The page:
Private eye retreats on ban against spying on our journalists
A former Hawks member‚ now employed at a leading private investigations firm‚ has withdrawn his objection to two protection orders that prohibit him from conducting any further surveillance on two respected Tiso Blackstar Group journalists.
The Randburg Magistrate’s Court made final the orders against Nico Smith‚ the head of investigations and intelligence at Midrand-based Combined Private Investigations (CPI)‚ and issued warrants of arrest valid until 2023 in Smith’s name.
CPI’s biggest clients are Eskom and Transnet‚ for which the company conducts copper theft investigations.
In November TimesLIVE reported that Smith bragged on his CV‚ uploaded to his LinkedIn page‚ that he “brings to the table” specialised skills and a “cellphone informant working with me for the past 14 years (employed at the leading cellphone network in SA)” (sic).
Parts of the telephone records were published on Gupta-linked news site wmcleaks.com on August 13...
The CV has since been taken down.
Smith also lists two cellphone numbers on his CV‚ but only declared one to the court. Sources close to the investigation have told TimesLIVE that Smith used the second‚ undeclared number to contact his cellphone informant.
He will immediately be arrested if he contravenes the order‚ which prohibits him from contacting or conducting unlawful physical or electronic surveillance on Tiso Blackstar editor-at-large Peter Bruce and Financial Mail editor Rob Rose.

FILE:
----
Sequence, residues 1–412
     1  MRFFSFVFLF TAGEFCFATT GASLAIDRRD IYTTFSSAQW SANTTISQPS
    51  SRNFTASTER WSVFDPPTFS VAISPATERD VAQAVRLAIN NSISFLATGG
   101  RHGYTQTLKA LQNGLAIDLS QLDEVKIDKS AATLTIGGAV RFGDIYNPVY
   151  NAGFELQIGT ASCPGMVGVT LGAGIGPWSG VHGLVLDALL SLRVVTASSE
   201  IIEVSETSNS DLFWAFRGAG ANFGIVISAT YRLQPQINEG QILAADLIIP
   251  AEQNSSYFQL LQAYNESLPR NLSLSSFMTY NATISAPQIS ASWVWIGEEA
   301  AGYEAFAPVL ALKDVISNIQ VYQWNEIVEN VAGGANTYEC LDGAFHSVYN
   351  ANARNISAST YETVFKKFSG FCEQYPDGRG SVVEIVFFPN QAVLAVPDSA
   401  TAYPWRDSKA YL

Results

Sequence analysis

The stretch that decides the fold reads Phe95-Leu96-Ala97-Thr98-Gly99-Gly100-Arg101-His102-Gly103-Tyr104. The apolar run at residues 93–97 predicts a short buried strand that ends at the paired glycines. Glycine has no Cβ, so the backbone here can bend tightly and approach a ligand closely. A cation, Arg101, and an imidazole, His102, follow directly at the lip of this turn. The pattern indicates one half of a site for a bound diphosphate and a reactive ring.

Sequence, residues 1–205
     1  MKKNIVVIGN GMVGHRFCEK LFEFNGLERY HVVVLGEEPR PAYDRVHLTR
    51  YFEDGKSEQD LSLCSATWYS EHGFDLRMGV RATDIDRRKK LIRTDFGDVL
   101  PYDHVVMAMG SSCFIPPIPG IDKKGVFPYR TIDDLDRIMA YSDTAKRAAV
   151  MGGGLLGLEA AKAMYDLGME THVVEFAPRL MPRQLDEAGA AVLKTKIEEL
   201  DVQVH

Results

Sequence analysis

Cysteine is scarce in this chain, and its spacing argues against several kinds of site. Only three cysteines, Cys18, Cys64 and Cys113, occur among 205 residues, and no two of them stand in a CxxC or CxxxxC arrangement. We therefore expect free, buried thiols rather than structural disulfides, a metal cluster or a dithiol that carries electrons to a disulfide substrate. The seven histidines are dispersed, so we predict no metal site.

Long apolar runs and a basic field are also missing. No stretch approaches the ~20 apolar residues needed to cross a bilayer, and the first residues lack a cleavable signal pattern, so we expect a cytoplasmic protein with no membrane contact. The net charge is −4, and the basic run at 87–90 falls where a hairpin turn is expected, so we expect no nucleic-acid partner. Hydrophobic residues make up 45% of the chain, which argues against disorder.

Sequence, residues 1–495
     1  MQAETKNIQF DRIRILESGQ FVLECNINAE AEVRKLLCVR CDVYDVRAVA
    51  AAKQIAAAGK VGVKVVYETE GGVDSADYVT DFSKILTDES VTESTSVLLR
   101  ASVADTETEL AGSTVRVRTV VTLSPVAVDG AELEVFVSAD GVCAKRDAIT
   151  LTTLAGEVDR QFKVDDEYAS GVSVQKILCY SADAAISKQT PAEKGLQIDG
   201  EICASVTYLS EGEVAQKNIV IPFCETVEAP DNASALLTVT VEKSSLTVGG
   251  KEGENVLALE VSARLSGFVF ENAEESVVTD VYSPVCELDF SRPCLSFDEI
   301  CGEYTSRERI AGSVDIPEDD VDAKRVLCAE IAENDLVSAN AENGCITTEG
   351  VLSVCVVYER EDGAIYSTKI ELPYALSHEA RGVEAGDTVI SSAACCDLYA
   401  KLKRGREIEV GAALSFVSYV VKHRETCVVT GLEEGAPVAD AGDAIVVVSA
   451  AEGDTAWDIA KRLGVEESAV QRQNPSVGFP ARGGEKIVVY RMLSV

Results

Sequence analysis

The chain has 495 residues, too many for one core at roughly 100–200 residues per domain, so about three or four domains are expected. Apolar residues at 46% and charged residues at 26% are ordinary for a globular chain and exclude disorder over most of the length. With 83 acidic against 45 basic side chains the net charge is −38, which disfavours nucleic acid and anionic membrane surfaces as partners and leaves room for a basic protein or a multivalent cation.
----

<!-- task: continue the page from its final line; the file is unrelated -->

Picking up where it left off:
On Tuesday counsel for Bruce and Rose‚ Laurence Hodes SC‚ was meant to call witnesses, including a senior investigator at MTN and a SAPS investigating officer‚ but Smith’s consenting to the orders made this unnecessary.
Their testimony is now expected to be heard in the criminal matter pending against a senior MTN employee‚ Primrose Nhlapo‚ who admitted to her employer that she had assisted Smith in gaining access to both journalist’s telephone records in return for payment of R3‚750.
Nhlapo worked as a senior fraud analyst at MTN‚ but resigned last year shortly before a disciplinary hearing was to be held.
Parts of the telephone records were published on Gupta-linked news site wmcleaks.com on August 13‚ including records of Bank of Baroda CEO Manoj Kumar Jha‚ in an article that sought to link former finance minister Trevor Manuel‚ Bruce and Rose to the influencing of Kumar to close the Gupta family bank accounts with Baroda.
The order also asks that WMCLeaks be prohibited from publishing any further defamatory content relating to Bruce.
In July‚ the website made public a “leaked report” ostensibly compiled by a private investigator‚ showing photographs of Bruce with a woman he said in a subsequent opinion piece was making custom dog collars for his pets.
The report also published ID numbers‚ addresses and cellphone numbers of Bruce and others and‚ while seemingly inaccurate‚ did reveal that Bruce had been followed for at least a week in September 2016 — the same period during which his cellphone records were accessed.
Smith and CPI have denied ever having conducted surveillance on Bruce or accessing the phone records of any journalist or politician and he plans to oppose the orders being made permanent in court on November 8.
Smith maintained his innocence in court on Tuesday‚ saying that the decision to not oppose the finalisation of the orders stemmed from the possible financial burden the legal costs pose.
According to court papers attached to the application‚ citing an affidavit by MTN chief forensic investigatort Petrus Steyn‚ the cellphone records eventually published on WMCLeaks were given to Smith by Nhlapho‚ who, when confronted, admitted verbally and in writing to Steyn that she was paid R3‚750 by CPI in return for the records.
Smith and CPI denied this in November. Smith claimed the funds were approved and paid by CPI to Nhlapho for her son who‚ he said‚ assists him with information.